Andy Burnham revealed that he'd had conversations with the Chancellor about future health spending and that all could be revealed in the Pre-Budget Report this autumn, perhaps even sooner.
Despite his apparent optimism, our work with the Institute for Fiscal Studies suggests that whoever is in charge after the next election – and therefore after the current, generous comprehensive spending review period expires in 2011 – will have a hard time finding resources to meet the growing demands on the health service. In fact, the NHS is already preparing for cuts. For example Dr Richard Vautrey from the BMA, a practising GP in Leeds, revealed that his local PCT was already making plans to reduce spending in certain areas in anticipation of tighter financial times ahead.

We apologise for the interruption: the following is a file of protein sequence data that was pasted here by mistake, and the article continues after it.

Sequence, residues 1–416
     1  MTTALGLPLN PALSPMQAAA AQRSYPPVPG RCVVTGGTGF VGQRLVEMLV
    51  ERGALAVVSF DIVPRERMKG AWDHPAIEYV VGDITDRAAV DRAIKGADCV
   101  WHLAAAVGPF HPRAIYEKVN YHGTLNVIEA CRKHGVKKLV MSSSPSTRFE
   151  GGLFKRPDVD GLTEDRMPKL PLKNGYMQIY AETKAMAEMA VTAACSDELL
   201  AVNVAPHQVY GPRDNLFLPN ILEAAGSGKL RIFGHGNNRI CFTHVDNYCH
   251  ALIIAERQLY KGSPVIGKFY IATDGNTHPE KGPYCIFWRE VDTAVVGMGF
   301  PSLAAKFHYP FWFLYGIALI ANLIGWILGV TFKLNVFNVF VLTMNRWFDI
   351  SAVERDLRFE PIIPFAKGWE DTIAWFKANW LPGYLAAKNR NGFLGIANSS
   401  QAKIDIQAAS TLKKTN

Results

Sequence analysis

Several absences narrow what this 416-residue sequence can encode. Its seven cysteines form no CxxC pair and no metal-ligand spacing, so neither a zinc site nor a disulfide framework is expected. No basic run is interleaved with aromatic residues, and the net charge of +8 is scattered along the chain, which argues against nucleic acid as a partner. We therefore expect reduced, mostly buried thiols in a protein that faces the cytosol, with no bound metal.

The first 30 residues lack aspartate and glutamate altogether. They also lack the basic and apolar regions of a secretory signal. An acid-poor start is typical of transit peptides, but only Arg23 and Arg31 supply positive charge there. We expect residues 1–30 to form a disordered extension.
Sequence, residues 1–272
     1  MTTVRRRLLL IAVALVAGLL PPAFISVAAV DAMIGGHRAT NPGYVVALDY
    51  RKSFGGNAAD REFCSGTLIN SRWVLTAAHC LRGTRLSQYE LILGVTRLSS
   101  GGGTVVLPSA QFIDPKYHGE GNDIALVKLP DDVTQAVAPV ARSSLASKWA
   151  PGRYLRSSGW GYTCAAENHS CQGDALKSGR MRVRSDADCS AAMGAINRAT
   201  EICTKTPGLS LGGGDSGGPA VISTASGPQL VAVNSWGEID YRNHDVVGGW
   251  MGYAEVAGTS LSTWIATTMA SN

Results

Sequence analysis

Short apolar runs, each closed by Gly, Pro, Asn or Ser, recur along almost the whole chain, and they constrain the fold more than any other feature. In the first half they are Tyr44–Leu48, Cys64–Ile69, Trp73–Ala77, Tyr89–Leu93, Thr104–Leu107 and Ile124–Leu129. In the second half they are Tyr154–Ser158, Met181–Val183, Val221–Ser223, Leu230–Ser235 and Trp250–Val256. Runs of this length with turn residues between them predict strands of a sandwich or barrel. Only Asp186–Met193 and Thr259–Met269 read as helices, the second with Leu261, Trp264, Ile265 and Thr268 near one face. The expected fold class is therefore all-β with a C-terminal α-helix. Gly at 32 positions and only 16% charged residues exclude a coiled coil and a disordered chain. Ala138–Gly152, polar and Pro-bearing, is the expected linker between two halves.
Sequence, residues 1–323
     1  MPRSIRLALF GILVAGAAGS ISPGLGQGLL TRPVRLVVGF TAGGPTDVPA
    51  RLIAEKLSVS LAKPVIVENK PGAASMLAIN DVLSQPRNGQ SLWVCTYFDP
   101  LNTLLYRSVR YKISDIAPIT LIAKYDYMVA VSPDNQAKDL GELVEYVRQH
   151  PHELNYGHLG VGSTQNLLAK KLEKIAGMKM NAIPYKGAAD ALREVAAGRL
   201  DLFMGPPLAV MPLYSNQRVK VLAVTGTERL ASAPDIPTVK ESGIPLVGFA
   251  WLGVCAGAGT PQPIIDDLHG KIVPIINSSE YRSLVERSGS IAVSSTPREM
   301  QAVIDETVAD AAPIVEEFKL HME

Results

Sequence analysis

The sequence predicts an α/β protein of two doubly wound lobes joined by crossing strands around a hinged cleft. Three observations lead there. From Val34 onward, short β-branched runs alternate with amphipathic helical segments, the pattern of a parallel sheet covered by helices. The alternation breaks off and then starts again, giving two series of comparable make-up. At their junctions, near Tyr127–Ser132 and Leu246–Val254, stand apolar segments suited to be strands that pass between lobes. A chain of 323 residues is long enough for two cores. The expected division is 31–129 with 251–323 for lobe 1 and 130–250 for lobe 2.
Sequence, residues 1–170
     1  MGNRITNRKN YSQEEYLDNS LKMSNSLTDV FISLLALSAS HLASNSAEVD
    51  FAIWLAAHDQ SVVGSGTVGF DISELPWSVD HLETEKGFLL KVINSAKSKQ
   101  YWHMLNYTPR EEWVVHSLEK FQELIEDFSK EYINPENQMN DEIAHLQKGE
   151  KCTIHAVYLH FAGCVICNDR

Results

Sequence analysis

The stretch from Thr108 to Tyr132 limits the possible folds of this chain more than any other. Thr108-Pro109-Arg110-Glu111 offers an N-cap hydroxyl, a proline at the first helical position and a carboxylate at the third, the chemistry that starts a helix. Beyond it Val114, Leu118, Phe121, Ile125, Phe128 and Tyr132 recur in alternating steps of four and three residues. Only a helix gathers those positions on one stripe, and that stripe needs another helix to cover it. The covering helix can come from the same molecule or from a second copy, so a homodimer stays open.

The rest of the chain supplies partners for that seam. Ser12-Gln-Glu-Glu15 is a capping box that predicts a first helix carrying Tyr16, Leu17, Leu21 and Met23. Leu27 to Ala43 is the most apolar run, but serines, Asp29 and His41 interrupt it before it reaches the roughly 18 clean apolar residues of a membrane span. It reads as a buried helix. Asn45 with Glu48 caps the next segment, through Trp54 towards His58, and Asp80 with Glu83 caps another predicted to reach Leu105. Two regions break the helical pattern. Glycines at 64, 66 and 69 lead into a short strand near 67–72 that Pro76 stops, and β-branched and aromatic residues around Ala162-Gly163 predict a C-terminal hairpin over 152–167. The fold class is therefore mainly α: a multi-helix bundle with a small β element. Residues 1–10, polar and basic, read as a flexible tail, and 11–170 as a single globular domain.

In all the talk around future NHS funding there is unhelpful confusion over vocabulary. Last night, Andy Burnham talked about taking '£15-20 billion of savings' out of the system. But what does that mean? Is it productivity? Is it efficiency? Is it cost-efficiency? Or is it reprioritisation?
Potential 'savings' that politicians on all sides often cite, as Andy Burnham did again here, are the merging of back office functions. But while there are doubtless some aspects of NHS administration that could be done at a lower cost, it's simply disingenuous to imply that streamlining NHS management will be sufficient to bridge the gap between future health care funding and future health care demand – frontline services will be affected too.
When Andy Burnham took on the role of Health Secretary the glass of NHS finances was overflowing. He may, wisely, not be as ebullient as he was when he took on the job, but it's interesting to note that despite the best efforts of the doom-mongers the guy at the top still has a positive attitude.